Differences in early developmental rate and yolk conversion efficiency in offspring of trout with alternative life histories

Van Leeuwen, T. E., Killen, S. S. , Metcalfe, N. B. and Adams, C. E. (2016) Differences in early developmental rate and yolk conversion efficiency in offspring of trout with alternative life histories. Ecology of Freshwater Fish, 26(3), pp. 371-382. (doi:10.1111/eff.12281)

Van Leeuwen, T. E., Killen, S. S. , Metcalfe, N. B. and Adams, C. E. (2016) Differences in early developmental rate and yolk conversion efficiency in offspring of trout with alternative life histories. Ecology of Freshwater Fish, 26(3), pp. 371-382. (doi:10.1111/eff.12281)

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Abstract

Partial migration, in which some individuals of a population migrate while other individuals remain resident, is generally associated with ontogenetic shifts to better feeding areas or as a response to environmental instability, but its underlying mechanisms remain relatively unknown. Brown trout (Salmo trutta) exhibit partial migration, with some individuals remaining in fresh water (freshwater-resident) while others undertake an anadromous migration, where they spend time at sea before returning to breed in fresh water (migrant). We reared full-sibling groups of offspring from freshwater-resident and anadromous brown trout from the same catchment in the laboratory under common garden conditions to examine potential differences in their early development. Freshwater-resident parents produced eggs that were slower to hatch than those of anadromous parents, but freshwater-resident offspring were quicker to absorb their yolk and reach the stage of exogenous feeding. Their offspring also had a higher conversion efficiency from the egg stage to the start of exogenous feeding (so were larger by the start of the fry stage) than did offspring from anadromous parents despite no difference in standard metabolic rate, maximal metabolic rate, or aerobic scope. Given these differences in early development we discuss how the migration history of the parents might influence the migration probability of the offspring.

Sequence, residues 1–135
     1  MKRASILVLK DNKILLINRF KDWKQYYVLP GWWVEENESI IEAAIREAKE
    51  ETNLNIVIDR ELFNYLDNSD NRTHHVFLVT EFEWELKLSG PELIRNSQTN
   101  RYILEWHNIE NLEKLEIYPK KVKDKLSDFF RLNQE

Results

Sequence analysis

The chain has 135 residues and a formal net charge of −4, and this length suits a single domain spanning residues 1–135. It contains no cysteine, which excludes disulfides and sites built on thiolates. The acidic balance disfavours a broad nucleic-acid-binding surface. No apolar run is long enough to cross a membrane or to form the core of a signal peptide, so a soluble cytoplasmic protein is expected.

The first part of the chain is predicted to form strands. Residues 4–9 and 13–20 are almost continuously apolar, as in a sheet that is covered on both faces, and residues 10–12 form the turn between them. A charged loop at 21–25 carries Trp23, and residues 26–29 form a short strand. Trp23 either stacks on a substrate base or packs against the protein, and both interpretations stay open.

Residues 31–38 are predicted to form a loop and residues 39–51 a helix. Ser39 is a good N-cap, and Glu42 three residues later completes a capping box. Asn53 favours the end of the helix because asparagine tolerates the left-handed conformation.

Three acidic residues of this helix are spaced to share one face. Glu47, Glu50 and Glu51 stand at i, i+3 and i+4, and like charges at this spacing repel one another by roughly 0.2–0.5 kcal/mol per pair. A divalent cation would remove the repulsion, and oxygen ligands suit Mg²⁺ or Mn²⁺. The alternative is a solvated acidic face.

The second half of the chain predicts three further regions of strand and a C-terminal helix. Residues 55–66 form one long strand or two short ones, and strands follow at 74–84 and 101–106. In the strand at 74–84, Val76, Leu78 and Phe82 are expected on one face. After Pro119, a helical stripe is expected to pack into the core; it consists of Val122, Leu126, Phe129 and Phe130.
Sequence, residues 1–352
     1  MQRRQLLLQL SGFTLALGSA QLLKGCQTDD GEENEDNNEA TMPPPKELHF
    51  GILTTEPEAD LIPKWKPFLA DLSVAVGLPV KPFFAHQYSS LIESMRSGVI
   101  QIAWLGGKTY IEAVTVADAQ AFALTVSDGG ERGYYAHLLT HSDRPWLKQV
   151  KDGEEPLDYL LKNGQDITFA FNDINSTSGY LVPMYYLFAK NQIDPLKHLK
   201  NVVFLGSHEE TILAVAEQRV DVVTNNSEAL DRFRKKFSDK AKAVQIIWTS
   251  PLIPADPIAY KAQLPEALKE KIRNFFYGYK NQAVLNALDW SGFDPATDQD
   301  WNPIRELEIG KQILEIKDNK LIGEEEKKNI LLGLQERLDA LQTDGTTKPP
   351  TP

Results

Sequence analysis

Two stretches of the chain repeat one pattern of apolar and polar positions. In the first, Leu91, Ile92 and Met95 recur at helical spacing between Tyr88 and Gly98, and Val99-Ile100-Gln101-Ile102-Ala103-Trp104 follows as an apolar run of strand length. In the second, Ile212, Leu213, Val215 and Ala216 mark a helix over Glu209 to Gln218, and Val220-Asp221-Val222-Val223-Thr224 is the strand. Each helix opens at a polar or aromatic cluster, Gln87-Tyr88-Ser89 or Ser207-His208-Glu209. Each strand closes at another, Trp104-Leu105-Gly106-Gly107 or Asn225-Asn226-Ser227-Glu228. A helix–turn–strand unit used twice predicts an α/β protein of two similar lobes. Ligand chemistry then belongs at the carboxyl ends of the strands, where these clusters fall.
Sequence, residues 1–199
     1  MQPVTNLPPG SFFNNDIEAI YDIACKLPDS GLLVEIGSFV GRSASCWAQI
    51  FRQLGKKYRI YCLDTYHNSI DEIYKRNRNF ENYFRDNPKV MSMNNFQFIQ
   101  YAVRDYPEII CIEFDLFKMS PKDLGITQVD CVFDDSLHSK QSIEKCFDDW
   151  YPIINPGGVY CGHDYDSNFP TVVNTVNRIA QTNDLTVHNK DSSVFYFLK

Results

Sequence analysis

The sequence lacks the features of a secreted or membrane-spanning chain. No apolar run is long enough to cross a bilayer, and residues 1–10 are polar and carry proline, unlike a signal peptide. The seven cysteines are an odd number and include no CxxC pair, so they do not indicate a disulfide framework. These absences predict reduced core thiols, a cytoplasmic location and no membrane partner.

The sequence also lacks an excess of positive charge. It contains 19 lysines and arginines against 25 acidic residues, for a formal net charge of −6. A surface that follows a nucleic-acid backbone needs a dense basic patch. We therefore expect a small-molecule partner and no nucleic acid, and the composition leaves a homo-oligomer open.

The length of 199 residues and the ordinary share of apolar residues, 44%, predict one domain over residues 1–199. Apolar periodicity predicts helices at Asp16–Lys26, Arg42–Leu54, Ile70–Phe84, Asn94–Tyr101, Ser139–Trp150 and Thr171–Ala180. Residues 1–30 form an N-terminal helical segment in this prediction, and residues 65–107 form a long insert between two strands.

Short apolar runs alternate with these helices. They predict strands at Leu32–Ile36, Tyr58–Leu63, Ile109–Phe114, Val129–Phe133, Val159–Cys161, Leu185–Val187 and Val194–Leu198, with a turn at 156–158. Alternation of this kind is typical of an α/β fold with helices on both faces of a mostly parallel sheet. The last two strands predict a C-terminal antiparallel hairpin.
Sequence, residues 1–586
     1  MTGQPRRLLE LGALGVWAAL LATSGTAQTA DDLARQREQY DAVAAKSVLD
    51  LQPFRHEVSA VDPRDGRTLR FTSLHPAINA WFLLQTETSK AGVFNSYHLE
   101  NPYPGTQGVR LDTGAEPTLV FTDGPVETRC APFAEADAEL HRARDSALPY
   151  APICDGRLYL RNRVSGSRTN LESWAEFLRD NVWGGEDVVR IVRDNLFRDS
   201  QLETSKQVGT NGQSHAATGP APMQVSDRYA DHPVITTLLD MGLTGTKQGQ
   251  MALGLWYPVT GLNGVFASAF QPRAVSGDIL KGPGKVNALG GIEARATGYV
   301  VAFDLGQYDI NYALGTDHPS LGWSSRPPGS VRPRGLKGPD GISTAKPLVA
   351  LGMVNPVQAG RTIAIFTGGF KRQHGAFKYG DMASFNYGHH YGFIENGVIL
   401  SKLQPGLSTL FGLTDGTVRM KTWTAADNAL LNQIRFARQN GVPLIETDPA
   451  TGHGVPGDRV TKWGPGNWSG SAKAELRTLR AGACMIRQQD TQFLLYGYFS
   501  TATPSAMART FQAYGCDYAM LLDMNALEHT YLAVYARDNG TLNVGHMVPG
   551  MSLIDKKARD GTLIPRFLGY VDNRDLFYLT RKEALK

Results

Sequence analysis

Item Type:Articles
Additional Information:TEVL was funded by the EU Interreg IVA Programme project 2859 ‘IBIS’ and a NSERC PGS-D3 grant, NBM was funded by ERC Advanced Grant 322784 and SSK by NERC Advanced Fellowship NE/J019100/1.
Status:Published
Refereed:Yes
Glasgow Author(s) Enlighten ID:Killen, Dr Shaun and Van Leeuwen, Dr Travis and Metcalfe, Professor Neil and Adams, Professor Colin
Authors: Van Leeuwen, T. E., Killen, S. S., Metcalfe, N. B., and Adams, C. E.
College/School:College of Medical Veterinary and Life Sciences > Institute of Biodiversity Animal Health and Comparative Medicine
Journal Name:Ecology of Freshwater Fish
Publisher:Wiley
ISSN:0906-6691
ISSN (Online):1600-0633
Published Online:16 March 2016
Copyright Holders:Copyright © 2016 The Authors
First Published:First published in Ecology of Freshwater Fish 26(3):371-382
Publisher Policy:Reproduced under a Creative Commons License

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Project CodeAward NoProject NamePrincipal InvestigatorFunder's NameFunder RefLead Dept
594261The Influence of Individual Physiology on Group Behaviour in Fish SchoolsShaun KillenNatural Environment Research Council (NERC)NE/J019100/1RI BIODIVERSITY ANIMAL HEALTH & COMPMED